Welfare Properties of Argumentation-based Semantics - PowerPoint PPT Presentation

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Welfare Properties of Argumentation-based Semantics

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  1. Welfare Properties of Argumentation-based Semantics Kate Larson University of Waterloo Iyad Rahwan British University in Dubai University of Edinburgh

  2. Introduction • Argumentation studies how arguments should progress, how to decide on outcomes, how to manage conflict between arguments • Interest in strategic behaviour in argumentation • Requires an understanding of preferences of agents • Goals of this work • Identify different kinds of agent preference criteria in argumentation • Compare argumentation semantics based on their welfare properties

  3. Outline • Abstract Argumentation and Acceptability Semantics • Preferences for Agents • Pareto Optimality in Acceptability Semantics • Further Refinement using Social Welfare

  4. α2: Yes you did. You caused an accident and people got injured. α1: I haven’t done anything wrong! α3: But it was the other guy’s fault for passing a red light! Abstraction: α3 α2 α1

  5. α3 α2 α1 α5 α4 Abstract Argumentation • An abstract argumentation framework AF=<A,> • A is a set of arguments •  is a defeat relation • S½A defends α if S defeats all defeators of α • α is acceptable w.r.t S

  6. α1 α3 α2 α3 α2 α1 α5 α4 Characteristic Function F(S) = {α | S defends α} S is a complete extension if S = F(S) That is, all arguments defended by S are in S

  7. Different Semantics • Grounded extension: minimal complete extension (always exists, and unique) • Preferred extension: maximal complete extension (may not be unique) • Stable extension: extension which defeats every argument outside of it (may not exist, may not be unique) • Semi-stable extension: complete extension which maximises the set of accepted arguments and those defeated by it (always exists, may not be unique)

  8. Labellings • An alternative way to study argument status is via labellings. • Given an argument graph (A,), a labelling is L:A {in,out,undec} where • L(a)=out if and only if 9 b2A such that ba and L(b)=in • L(a)=in if and only if 8 b2A if ba then L(b)=out • L(a)=undec otherwise

  9. Labellings and Semantics

  10. α1 α3 α2 α1α3 α2 What is the problem? • Formalisms focus on argument acceptability criteria, while ignoring the agents • Agents may have preferences • They may care which arguments are accepted or rejected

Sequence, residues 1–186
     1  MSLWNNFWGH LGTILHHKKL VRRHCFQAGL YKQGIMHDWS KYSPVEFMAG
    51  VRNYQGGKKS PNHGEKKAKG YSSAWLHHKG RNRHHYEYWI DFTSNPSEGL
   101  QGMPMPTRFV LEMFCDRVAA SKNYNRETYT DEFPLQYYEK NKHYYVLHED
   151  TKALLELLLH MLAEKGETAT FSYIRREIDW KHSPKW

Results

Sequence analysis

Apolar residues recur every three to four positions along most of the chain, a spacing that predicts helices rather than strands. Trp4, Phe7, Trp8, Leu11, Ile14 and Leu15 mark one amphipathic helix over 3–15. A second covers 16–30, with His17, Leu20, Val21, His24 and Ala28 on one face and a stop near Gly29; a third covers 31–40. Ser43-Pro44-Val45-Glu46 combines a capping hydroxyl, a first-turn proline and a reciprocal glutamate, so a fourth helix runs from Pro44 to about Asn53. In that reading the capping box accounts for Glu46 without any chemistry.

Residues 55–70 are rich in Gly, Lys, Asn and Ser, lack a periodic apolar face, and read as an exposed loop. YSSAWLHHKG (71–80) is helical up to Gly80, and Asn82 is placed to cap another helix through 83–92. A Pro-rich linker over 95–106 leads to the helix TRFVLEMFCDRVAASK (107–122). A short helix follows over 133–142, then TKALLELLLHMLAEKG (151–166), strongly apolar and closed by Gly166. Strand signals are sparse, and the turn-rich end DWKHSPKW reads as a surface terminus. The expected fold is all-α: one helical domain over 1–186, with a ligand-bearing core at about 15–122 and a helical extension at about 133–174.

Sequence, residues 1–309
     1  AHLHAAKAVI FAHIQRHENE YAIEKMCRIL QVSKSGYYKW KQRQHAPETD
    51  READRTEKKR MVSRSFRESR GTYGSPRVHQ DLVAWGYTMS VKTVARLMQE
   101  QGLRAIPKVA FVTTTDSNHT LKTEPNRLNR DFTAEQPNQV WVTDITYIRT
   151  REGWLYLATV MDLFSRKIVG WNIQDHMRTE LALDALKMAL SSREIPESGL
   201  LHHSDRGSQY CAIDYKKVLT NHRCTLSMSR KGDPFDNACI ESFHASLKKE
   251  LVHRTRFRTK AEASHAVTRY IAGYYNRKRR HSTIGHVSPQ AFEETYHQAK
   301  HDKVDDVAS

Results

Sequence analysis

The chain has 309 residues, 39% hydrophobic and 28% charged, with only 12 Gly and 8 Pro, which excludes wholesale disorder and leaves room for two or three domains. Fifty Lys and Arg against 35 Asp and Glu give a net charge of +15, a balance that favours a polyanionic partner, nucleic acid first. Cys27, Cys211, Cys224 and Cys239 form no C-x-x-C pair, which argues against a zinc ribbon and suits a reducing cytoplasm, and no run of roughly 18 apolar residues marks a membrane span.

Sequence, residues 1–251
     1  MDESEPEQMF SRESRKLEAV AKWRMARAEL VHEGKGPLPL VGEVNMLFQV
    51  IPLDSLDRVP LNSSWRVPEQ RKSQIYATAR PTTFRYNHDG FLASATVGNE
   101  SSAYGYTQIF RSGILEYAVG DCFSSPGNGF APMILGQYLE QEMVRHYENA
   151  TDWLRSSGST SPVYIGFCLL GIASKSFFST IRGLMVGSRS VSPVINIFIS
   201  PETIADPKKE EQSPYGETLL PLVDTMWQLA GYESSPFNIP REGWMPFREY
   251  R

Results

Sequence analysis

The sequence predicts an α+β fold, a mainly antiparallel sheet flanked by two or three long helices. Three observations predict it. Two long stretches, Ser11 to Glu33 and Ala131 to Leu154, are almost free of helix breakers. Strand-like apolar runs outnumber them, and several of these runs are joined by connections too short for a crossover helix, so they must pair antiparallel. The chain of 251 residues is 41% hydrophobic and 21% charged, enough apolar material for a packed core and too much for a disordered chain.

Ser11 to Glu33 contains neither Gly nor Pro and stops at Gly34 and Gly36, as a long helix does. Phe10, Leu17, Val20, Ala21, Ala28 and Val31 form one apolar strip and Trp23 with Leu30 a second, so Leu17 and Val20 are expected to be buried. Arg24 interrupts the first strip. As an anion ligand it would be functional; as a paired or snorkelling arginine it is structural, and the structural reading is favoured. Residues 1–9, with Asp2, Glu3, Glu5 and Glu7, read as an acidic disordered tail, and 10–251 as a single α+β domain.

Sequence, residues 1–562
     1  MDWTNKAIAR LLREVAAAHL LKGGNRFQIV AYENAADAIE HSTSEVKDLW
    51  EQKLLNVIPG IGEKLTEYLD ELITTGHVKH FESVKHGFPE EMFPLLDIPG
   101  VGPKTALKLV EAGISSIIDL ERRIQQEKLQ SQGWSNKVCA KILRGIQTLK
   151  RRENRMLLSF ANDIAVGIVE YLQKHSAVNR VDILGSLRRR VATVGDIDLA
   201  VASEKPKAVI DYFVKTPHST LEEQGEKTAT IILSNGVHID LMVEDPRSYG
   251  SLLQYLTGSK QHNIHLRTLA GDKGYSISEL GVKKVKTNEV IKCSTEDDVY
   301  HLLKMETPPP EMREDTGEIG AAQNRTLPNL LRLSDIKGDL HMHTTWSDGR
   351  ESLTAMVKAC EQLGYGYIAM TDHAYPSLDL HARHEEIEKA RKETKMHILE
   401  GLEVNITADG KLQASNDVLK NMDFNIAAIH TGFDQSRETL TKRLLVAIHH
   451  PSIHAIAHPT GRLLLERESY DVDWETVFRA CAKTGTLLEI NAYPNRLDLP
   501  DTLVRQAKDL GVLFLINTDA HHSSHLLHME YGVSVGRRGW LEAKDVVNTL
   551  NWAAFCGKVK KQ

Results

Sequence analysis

11. α1 α3 α2 Agents’ Preferences • Each agent, i, has • a set of arguments, Ai • preferences over outcomes (labellings), ≥i α1α3 L2 ≥i L1,L3 • L1 • in={α3, α2} • out={α1 } • undec={} • L2 • in={α3, α1} • out={α2 } • undec={} • L3 • in={α3 } • out={} • undec={α1α2} α2 L1 ≥i L2,L3

  12. Agents’ Preferences • Acceptability maximising • An agent prefers outcomes where more of its arguments are accepted • Rejection minimising • An agent prefers outcomes where fewer of its arguments are rejected • Decisive • An agent prefers outcomes where fewer of its arguments are undecided • All-or-nothing • An agent prefers outcomes where all of its arguments are accepted (ambivalent otherwise) • Aggressive • An agent prefers outcomes where the arguments of others are rejected

  13. Acceptability Maximising Agents:Grounded Extensions not always PO • A1 = {α1, α3} A2 = {α2} • Grounded extension is LG

  14. Acceptability Maximising Agents • Pareto optimal outcomes are preferred extensions • Intuition: Preferred extensions are maximal with respect to argument inclusion • Are all preferred extensions Pareto optimal (for acceptability max agents)?

  15. Acceptability Maximising Agents:Preferred Extensions not always PO • Acc. Max.: A1 = {α3, α4} A2 = {α1} A3 = {α2, α5} • A1 and A3 are indifferent • A2 strictly prefers L1

  16. Summary of Results

  17. Restrictions on Argument Sets • If the argument sets of agents are restricted then can achieve refined characterizations • Agents can not hold (indirect) defeating arguments • Decisive and acceptability maximising preferences • Pareto optimal outcomes = stable extension

  18. Further Refinement: Social Welfare • Acc. Max.: A1 = {α1, α3, α5} A2 = {α2, α4} • Utility function: Ui(Ai,L)=|AiÅin(L)| • All L are PO. But L1 and L3 max. social welfare

  19. Implications • We introduced a new criteria for comparing argumentation semantics • More appropriate for multi-agent systems • What kind of mediator to use given certain classes of agents? • Similar to choosing appropriate resource allocation mechanisms • Argumentation Mechanism Design: We know what kinds of social choice functions are worth implementing